Order, Supreme Court, Bronx County (Nelson S. Roman, J.), entered May 27, 2009, which, in this CPLR article 78 proceeding, granted the application seeking to annul respondent's determination to revoke petitioner's parole and directed that petitioner's parole be reinstated, unanimously affirmed, without costs.
Published by New York State Law Reporting Bureau pursuant to Judiciary Law § 431.
This opinion is uncorrected and subject to revision before publication in the Official Reports.
Sweeny, J.P., Buckley, DeGrasse, Freedman, Abdus-Salaam, JJ.
The record shows that at the final parole revocation hearing, petitioner was notified that respondent had procured a witness that would testify against him and that his counsel had failed to procure a witness and documents that he believed would be favorable to his defense. Petitioner expressed dissatisfaction with his representation and requested new counsel. Upon being informed that the hearing would be going forward, petitioner, who had a history of seizures, became ill and was subsequently taken to the hospital. Prior to being taken to the hospital, petitioner requested an adjournment, but the request was denied as the Administrative Law Judge believed petitioner was feigning illness, and the hearing was held in the absence of both petitioner and his attorney. At the conclusion of the hearing, the charges against petitioner were sustained and his parole was revoked.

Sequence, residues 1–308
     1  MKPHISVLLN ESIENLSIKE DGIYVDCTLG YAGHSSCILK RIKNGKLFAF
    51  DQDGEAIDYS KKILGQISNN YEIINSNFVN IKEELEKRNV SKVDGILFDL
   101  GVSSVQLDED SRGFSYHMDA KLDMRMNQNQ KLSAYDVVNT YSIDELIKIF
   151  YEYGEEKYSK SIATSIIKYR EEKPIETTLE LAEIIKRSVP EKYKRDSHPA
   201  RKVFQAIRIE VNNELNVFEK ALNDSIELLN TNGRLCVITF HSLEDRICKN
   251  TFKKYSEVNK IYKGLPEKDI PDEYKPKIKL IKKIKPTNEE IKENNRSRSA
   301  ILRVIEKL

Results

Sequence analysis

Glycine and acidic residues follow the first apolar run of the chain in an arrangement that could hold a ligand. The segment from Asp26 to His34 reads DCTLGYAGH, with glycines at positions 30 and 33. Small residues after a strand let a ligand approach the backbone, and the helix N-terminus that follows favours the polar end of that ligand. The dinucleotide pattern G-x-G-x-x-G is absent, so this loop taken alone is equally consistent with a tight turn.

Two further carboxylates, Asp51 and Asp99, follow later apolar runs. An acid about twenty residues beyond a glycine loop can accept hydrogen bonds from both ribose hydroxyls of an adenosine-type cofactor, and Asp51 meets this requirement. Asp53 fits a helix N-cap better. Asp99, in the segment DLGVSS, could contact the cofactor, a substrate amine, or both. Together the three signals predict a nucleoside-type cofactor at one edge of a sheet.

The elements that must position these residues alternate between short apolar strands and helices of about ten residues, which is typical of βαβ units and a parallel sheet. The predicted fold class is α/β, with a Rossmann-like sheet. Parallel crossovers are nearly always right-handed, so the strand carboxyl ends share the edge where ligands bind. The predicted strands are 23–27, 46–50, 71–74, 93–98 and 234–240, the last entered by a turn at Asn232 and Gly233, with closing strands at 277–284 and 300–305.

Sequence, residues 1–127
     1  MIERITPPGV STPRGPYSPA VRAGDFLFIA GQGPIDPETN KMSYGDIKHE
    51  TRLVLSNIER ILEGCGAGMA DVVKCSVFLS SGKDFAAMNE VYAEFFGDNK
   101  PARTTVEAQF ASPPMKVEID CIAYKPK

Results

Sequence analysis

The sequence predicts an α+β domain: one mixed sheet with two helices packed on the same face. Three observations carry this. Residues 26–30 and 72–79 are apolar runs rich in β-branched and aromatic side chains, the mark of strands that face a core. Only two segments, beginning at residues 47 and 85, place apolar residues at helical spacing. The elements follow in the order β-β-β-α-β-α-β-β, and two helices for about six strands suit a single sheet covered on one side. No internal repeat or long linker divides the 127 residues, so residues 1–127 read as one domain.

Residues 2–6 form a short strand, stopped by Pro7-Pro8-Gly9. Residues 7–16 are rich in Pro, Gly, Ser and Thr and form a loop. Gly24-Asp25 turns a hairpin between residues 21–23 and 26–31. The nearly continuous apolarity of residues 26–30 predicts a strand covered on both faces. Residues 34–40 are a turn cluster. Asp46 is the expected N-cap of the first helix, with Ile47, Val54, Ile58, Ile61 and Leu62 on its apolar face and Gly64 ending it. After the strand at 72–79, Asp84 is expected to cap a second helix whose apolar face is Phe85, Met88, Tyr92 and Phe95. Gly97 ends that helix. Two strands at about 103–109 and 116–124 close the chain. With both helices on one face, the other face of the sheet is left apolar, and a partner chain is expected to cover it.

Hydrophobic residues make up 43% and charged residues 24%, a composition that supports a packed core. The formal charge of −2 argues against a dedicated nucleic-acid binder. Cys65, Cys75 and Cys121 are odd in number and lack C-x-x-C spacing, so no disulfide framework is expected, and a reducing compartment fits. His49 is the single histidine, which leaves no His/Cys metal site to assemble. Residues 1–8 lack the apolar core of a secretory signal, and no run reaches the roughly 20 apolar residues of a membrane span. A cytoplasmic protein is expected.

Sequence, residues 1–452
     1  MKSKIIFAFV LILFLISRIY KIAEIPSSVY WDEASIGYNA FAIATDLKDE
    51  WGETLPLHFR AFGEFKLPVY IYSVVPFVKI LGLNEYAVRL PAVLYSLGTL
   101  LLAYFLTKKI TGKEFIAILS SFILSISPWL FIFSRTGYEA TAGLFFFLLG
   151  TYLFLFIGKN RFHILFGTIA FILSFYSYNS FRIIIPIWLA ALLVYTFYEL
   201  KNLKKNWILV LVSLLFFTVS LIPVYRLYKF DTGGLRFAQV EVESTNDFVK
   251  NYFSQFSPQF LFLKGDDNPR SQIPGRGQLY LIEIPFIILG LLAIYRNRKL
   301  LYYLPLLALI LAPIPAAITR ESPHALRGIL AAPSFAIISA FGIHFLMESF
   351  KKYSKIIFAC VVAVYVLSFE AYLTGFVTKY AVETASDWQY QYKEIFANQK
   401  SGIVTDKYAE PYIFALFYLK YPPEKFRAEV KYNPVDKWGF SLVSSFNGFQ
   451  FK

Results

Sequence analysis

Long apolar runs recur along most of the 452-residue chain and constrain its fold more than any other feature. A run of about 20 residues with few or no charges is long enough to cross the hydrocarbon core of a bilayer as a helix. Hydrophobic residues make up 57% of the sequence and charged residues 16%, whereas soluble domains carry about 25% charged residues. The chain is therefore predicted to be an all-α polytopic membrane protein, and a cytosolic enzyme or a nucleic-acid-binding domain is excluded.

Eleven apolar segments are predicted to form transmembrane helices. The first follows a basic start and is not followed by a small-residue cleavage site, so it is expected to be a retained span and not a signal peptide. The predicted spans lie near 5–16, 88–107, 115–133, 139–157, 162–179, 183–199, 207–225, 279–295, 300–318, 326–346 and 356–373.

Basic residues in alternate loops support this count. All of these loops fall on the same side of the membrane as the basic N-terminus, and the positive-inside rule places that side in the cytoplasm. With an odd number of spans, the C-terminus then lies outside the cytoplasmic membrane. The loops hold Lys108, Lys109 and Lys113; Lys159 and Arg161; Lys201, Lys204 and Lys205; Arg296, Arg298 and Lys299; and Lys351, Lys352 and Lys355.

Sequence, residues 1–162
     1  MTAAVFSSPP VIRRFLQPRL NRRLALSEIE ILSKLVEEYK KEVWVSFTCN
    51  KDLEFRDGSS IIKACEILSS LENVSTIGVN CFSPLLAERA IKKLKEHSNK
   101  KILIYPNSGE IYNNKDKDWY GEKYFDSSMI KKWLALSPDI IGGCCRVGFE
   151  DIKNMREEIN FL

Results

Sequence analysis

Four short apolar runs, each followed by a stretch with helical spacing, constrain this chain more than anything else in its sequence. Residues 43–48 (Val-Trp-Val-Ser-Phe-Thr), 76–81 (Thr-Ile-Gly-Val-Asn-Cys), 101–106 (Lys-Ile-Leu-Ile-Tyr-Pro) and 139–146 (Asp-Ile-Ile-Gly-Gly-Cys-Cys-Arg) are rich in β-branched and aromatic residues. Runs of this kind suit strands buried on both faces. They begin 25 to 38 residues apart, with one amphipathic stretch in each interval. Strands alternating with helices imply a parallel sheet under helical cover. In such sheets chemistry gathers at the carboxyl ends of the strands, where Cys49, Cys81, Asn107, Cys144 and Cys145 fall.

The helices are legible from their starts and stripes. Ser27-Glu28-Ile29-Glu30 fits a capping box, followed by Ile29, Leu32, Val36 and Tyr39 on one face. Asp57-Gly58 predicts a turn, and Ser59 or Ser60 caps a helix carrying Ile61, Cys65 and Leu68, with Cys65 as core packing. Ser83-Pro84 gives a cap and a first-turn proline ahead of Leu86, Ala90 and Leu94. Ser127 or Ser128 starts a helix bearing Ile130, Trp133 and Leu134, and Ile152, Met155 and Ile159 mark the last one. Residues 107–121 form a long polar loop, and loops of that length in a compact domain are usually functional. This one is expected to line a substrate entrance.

Under the circumstances presented, Supreme Court properly granted the petition on the basis that petitioner did not voluntarily, knowingly and intelligently waive his right to be present at the hearing. A parolee's right to be present and be heard at a parole revocation hearing is a fundamental due process right (see Morrissey v Brewer, 408 US 471, 488-489 ), protected by statute (see Executive Law § 259-i), and the proper remedy for holding the hearing in absentia is a restoration to parole status (see People ex rel. Herrera v Schager, 93 AD2d 847 ; Matter of Schwartz v Warden, New York State Correctional Facility at Ossining, 82 AD2d 870 ). Contrary to respondent's argument that the appropriate remedy for holding this parole revocation hearing in petitioner's absence is a new hearing, any new hearing would be held beyond the 90-day period proscribed for such a hearing by Executive Law § 259-i(3)(f)(i) (see Matter of Schwartz, 82 AD2d at 871), and there is no evidence in the record of any prior delay attributable to petitioner (cf. People ex rel. Martinez v New York State Bd. of Parole, 56 NY2d 588, 590 ).
THIS CONSTITUTES THE DECISION AND ORDER OF THE SUPREME COURT, APPELLATE DIVISION, FIRST DEPARTMENT.
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